Palais Garnier in Paris
The Palais Garnier Opera House is one of the most famous opera houses in the world, in part because it was used as the setting for Gaston Leroux's 1910 novel "The Phantom of the Opera." Located on Avenue de l'Opéra, it is a "vivid example of the architectural excesses of Belle Époque baroque," as Travel and Leisure reports.
Built by Charles Garnier and opened in 1875, the Palais Garnier was commissioned by Napoleon III, who died two years before the magnificent structure was completed. According to Paris Tourist Office, the historic landmark is the 13th opera house in Paris since the introduction of French opera by Louis XIV in 1669.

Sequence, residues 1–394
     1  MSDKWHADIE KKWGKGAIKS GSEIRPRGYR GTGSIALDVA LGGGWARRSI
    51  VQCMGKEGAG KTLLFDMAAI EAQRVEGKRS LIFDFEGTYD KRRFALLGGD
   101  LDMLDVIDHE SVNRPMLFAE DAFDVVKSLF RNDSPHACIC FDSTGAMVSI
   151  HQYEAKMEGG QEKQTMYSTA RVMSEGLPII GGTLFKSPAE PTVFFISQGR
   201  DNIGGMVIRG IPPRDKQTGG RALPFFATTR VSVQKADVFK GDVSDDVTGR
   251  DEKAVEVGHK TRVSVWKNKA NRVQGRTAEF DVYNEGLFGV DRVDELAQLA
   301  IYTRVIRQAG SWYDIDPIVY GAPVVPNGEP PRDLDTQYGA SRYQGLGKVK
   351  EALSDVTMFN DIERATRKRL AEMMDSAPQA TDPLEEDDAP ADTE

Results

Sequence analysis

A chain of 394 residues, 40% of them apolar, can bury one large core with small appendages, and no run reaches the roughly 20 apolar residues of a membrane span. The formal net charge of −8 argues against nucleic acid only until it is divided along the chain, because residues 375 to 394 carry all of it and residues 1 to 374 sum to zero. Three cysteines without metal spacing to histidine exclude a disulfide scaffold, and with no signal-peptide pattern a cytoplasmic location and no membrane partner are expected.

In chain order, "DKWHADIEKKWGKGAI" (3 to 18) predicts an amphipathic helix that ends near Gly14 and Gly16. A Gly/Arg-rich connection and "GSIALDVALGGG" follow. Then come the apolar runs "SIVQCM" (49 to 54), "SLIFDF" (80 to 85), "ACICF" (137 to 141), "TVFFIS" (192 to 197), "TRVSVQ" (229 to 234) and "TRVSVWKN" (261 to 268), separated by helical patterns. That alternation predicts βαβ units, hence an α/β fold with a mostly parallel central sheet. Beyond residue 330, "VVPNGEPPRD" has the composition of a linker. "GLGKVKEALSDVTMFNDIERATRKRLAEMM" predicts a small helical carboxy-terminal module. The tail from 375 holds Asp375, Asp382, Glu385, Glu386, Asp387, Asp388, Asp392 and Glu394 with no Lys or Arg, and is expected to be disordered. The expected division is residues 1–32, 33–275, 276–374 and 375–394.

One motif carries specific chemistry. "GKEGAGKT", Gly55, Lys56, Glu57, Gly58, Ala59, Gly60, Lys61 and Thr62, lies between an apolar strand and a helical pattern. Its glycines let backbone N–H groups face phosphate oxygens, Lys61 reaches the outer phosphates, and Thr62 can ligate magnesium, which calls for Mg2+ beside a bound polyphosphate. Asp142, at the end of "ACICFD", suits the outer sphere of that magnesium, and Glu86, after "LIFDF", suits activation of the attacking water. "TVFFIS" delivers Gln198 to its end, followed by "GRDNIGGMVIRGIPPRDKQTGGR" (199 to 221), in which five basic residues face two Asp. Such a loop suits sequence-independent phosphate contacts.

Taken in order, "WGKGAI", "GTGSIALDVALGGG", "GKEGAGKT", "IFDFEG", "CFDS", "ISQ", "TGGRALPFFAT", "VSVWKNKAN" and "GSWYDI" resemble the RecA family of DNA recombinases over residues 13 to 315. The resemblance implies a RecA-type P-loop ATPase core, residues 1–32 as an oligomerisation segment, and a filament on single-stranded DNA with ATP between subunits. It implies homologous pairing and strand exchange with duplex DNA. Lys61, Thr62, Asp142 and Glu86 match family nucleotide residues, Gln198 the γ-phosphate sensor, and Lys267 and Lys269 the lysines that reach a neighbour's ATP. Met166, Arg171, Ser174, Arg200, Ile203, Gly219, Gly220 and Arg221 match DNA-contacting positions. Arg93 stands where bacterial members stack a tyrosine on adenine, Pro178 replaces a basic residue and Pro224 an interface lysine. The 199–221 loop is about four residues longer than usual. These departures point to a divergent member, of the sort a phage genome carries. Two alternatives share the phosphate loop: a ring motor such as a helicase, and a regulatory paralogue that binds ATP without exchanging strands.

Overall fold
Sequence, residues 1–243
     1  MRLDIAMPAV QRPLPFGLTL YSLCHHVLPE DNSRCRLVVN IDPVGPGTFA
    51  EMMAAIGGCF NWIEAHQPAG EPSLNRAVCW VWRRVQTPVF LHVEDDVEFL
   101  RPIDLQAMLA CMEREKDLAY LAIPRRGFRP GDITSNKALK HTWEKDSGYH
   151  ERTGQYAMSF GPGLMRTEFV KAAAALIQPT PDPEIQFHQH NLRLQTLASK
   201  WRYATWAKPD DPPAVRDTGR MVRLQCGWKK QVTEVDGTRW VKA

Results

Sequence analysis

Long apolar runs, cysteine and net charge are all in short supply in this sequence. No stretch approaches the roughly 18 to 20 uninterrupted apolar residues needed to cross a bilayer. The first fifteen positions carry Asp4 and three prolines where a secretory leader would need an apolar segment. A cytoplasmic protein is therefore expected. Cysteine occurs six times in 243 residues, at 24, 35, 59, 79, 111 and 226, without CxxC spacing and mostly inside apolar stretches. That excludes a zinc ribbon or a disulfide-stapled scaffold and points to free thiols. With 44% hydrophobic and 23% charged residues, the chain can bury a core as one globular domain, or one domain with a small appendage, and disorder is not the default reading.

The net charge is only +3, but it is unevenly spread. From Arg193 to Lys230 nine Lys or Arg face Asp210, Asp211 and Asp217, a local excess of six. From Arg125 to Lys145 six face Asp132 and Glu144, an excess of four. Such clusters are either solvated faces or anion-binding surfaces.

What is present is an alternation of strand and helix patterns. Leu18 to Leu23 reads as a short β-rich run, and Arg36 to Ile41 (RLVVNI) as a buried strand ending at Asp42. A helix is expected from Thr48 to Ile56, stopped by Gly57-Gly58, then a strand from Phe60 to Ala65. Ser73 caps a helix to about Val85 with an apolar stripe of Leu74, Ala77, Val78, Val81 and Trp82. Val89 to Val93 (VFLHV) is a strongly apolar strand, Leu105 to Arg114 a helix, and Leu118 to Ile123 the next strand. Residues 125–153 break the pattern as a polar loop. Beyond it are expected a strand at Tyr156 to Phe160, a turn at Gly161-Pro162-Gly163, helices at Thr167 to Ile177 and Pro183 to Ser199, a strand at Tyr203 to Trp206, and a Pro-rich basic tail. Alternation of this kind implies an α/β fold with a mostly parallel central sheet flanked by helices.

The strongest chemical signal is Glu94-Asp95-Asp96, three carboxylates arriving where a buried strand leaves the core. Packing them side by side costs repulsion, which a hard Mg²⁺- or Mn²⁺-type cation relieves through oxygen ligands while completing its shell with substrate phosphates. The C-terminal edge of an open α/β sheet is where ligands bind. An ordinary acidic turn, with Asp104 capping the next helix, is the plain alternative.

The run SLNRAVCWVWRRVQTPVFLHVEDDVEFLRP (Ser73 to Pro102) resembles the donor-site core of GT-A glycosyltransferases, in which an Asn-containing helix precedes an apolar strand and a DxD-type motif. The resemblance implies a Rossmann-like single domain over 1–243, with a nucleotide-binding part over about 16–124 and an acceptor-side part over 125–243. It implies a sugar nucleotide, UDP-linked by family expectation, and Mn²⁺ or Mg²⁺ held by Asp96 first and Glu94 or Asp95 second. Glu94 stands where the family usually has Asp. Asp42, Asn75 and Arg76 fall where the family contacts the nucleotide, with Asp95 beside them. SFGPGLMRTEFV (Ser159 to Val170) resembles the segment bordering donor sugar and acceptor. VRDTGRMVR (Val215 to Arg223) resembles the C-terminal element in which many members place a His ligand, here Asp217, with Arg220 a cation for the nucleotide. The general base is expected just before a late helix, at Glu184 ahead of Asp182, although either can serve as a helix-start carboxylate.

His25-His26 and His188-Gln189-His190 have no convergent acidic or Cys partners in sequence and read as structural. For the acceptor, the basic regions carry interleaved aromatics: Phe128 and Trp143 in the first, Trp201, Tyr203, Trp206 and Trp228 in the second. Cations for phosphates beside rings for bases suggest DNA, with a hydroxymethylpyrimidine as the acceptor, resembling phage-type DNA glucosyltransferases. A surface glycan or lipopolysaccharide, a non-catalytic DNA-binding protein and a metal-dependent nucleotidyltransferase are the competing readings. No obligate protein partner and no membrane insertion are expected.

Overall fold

The main auditorium, which is shaped like a horseshoe in the tradition of Italian theater, has 1,979 red seats and an eight-ton crystal-and-bronze chandelier with 340 lights hanging in the center. The house curtain was created by Auguste Rube and Philippe Chaperon following Garnier's instructions, and it has been replaced twice with an identical curtain — once in 1956 and again in 1991, according to the opera house's website.
The gorgeously ornate Grand Foyer (pictured) is drenched in light thanks to large windows, mirrors and chandeliers. The intricately painted ceiling was done by Paul Baudry and depicts various moments in music history. One common theme used as a decoration throughout the Palais Garnier is the lyre. If you visit, you'll see them everywhere — on walls, heating grids, doorknobs and more.